Word to your mother: We have a winner

Judging from your entries in our "coin a new word" contest, last week you had two things on the brain: politics and Pluto. Quite a few of the entries were either partisan (right and left alike) or planetary, such as:

Plutonic relationship: A romantic relationship that has recently been downsized to "just friends."

Venus envy: Jealously of another celestial body's recognition as a planet. ("Pluto, recently having been downgraded, was suffering from a serious case of Venus envy when Neptune came to visit.")

We also liked several new words that seemed like signs of their times: ecotist (a person who believes s/he might be contributing to global warming but refuses to trade the Hummer for a Prius), mentorture (the experience of being assigned to a more senior associate to learn the ropes, only to find their primary skill is bitching about the company), wasbian (a woman who used to date women but no longer does), and explosure (what happens when a morbidly obese person wearing low-rise jeans bends over).

But our winner went for something timeless -- in fact, we had to Google it to make sure it didn't already exist. May we present:

Teratonym: A very big word. Comes from terato (greek, monster) + nym (name). Only existing way to say this until now was "sesquipedalian word," literally, a foot-and-a-half-long word. ex: That sociology journal is full of neologistic teratonyms; no wonder nobody can understand it.

Samuel Johnson (pictured above) would have approved, and as fans of both simple prose and all things Greek, so do we. Congratulations, Baehr! Send your contact info and shirt size to Everybody else: We'll announce our new contest later this afternoon...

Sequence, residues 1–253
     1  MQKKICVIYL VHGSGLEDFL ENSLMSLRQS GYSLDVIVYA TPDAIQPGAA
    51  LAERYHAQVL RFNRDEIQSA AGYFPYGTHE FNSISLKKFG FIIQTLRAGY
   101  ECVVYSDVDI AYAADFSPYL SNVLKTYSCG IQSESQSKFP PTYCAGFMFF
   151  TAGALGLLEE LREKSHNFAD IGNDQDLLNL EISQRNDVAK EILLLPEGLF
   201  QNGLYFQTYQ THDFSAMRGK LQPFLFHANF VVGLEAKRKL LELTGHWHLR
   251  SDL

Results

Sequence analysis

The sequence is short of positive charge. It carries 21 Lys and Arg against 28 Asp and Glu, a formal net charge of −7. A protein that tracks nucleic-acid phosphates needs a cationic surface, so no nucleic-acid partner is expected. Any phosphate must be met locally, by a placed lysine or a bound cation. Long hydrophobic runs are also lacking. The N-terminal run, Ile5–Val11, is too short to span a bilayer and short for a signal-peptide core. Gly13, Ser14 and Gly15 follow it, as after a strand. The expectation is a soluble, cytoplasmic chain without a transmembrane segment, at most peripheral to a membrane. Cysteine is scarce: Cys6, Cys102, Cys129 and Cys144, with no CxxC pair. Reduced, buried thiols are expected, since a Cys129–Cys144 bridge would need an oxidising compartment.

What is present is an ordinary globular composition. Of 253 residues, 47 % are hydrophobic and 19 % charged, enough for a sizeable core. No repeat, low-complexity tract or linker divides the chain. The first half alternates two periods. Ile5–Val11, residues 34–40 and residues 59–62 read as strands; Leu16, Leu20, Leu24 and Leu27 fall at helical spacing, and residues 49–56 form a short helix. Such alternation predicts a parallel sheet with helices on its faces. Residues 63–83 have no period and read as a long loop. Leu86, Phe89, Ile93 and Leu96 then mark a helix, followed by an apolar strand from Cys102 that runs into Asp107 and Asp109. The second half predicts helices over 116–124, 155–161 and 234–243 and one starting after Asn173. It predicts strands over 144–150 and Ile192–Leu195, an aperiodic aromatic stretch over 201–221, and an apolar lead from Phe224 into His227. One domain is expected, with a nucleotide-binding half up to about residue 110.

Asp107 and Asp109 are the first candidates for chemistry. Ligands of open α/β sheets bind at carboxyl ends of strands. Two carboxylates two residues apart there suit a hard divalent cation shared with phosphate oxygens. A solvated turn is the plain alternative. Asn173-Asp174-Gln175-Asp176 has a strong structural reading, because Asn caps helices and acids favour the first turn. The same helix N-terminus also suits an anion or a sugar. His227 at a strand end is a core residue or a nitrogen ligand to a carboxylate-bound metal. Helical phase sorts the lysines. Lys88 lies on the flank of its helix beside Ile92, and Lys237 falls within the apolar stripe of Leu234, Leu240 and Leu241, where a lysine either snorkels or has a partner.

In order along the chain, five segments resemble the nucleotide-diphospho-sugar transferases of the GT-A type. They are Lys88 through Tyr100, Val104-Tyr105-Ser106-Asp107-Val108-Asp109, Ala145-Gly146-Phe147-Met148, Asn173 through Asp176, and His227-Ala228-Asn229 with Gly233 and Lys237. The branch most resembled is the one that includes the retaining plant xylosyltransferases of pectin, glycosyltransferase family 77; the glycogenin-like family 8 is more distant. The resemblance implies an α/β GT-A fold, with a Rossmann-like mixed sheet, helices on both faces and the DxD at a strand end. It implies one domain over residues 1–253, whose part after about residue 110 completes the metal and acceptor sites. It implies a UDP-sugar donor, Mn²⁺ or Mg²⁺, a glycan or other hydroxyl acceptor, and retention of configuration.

A Very Brief History of Chamber Pots

Some of the oldest chamber pots found by archeologists have been discovered in ancient Greece, but portable toilets have come a long way since then. Whether referred to as "the Jordan" (possibly a reference to the river), "Oliver's Skull" (maybe a nod to Oliver Cromwell's perambulating cranium), or "the Looking Glass" (because doctors would examine urine for diagnosis), they were an essential fact of life in houses and on the road for centuries. In this video from the Wellcome Collection, Visitor Experience Assistant Rob Bidder discusses two 19th century chamber pots in the museum while offering a brief survey of the use of chamber pots in Britain (including why they were particularly useful in wartime).

A Tour of the New York Academy of Medicine's Rare Book Room

The Rare Book Room at the New York Academy of Medicine documents the evolution of our medical knowledge. Its books and artifacts are as bizarre as they are fascinating. Read more here.


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